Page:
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Tuesday, July 12, 2011

Dwarf Planets and the Law

Astronmers, doing astronomy.
(Photo: IAU / Lars Holm Nielsen)

The practice of astronomy and the practice of law are virtually the same, except that what lawyers do is a lot less silly.

Well, that's the only conclusion you can draw from reflecting upon the work of the International Astronomical Union (IAU). This summer marks the fifth anniversary of the IAU's demotion of Pluto to the status of "dwarf planet." The final determination of that matter was made on August 24, 2006 under the Resolutions B5 and B6 of the 26th General Assembly. What amazes me about it is not the outcome of the vote, but the fact that there was a vote at all.

I find it astounding that, as a profession, astronomers have submitted themselves to the jurisdiction of what is essentially a make-believe government. What's really crazy is that not only do astronomers recognize some sort of sovereign authority in the IAU, so do actual lawmakers.

The legislature of New Mexico passed a resolution decreeing that "as Pluto passes overhead through New Mexico's excellent night skies, it be declared a planet."

Are you kidding me? Think about what the New Mexico legislature is saying here: (1) The IAU can legislate scientific fact. (2) The New Mexico legislature can overrule the IAU as to matters of scientific fact. (3) But (incredibly!) only when Pluto is in New Mexico's jurisdiction!!!!!!!!!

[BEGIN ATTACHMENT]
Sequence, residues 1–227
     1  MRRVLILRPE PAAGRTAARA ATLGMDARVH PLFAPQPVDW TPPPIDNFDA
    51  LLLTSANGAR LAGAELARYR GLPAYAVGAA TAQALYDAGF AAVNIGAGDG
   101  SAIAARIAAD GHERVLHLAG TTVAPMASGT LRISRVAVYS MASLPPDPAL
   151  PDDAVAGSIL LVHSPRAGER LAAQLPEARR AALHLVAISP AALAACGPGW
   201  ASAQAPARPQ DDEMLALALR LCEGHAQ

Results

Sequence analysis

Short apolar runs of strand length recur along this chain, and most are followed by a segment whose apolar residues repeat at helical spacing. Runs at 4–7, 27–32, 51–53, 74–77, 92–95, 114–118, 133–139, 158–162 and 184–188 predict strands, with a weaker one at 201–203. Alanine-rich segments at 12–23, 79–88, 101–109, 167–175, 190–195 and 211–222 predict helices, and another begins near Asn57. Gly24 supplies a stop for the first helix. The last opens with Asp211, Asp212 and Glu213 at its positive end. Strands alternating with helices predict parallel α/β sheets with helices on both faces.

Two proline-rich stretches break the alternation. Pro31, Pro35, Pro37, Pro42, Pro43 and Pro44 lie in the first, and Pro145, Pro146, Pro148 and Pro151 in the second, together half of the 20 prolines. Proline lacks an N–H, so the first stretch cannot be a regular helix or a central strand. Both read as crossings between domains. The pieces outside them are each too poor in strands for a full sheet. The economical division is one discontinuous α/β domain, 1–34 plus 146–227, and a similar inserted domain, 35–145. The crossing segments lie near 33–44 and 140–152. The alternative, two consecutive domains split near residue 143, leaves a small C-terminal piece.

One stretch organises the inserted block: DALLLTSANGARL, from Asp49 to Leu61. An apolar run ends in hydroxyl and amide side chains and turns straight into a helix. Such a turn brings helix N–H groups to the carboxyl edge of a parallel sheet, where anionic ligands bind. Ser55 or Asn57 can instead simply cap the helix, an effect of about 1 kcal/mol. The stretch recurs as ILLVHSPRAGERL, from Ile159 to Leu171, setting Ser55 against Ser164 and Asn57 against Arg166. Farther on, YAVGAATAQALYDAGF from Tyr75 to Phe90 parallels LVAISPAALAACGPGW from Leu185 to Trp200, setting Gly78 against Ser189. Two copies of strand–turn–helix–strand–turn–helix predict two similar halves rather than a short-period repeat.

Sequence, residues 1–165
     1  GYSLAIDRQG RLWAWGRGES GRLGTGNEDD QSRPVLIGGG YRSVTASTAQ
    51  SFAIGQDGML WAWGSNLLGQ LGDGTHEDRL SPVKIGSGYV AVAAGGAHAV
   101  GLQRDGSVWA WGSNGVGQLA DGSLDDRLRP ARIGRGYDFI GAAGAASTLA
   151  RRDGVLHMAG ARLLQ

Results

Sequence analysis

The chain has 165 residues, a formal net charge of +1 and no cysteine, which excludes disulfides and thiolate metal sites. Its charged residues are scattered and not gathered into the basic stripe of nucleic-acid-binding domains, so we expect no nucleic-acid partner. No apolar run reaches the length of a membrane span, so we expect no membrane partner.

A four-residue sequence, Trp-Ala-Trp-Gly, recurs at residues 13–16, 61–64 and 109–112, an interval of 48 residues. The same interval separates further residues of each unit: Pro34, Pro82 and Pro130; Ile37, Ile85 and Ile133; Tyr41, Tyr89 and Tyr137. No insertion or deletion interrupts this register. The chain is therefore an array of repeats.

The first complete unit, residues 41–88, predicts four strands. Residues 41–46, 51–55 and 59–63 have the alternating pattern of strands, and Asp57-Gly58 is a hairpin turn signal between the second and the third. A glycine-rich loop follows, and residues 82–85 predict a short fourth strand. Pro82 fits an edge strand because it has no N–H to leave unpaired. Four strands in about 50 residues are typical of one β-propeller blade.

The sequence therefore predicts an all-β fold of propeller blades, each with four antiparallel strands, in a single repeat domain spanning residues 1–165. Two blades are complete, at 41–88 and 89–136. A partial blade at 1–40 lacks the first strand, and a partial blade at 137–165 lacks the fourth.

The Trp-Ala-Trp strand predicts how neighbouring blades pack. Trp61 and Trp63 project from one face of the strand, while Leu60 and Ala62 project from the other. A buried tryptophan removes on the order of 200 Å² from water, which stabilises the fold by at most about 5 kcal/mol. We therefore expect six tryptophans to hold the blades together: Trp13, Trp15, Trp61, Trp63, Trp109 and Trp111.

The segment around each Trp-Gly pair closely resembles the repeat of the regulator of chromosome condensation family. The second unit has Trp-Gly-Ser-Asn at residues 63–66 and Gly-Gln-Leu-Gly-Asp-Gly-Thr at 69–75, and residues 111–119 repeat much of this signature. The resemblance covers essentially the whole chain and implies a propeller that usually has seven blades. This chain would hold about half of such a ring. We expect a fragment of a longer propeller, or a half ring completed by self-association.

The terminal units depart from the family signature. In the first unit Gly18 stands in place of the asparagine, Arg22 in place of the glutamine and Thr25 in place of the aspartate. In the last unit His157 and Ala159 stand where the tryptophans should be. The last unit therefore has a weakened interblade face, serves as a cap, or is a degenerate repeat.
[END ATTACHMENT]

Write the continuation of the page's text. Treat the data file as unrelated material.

Holy freaking cow. Okay, well, I've got to jump off the blog now. I need to finish my grant application. I'm working on a space probe that will beam back to Earth the clearest pictures we've ever had of the rule against perpetuities.

Posted by Eric E. Johnson on July 12, 2011 at 04:36 PM in Science | Permalink


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Okay, Andrew. I understand your point that the definitions and conventions aren't really matters of scientific fact. But you do admit that whether or not Pluto meets those definitions and conventions is a matter of scientific fact. So, then, you've got to agree that the IAU purported to legislate scientific fact with Resolution 6B, which says, "Pluto is a 'dwarf planet' by the above definition ... "

No? Will you agree that this is sublimely silly, or what?

Posted by: Eric E. Johnson | Jul 13, 2011 6:07:50 PM

Here is a link to Kim Ferzan's very interesting paper (technically, a book review) on Pluto and the law:

Posted by: Adam Kolber | Jul 13, 2011 4:06:02 AM

I don't find the IAU as ridiculous as you do: it allows for a formal way to develop definitions and conventions (which aren't really a matter of 'scientific fact;' whether or not Pluto meets those definitions and conventions is a fact, but I digress.)

But I wholeheartedly agree that New Mexico is crazy.

Posted by: Andrew MacKie-Mason | Jul 12, 2011 7:17:53 PM

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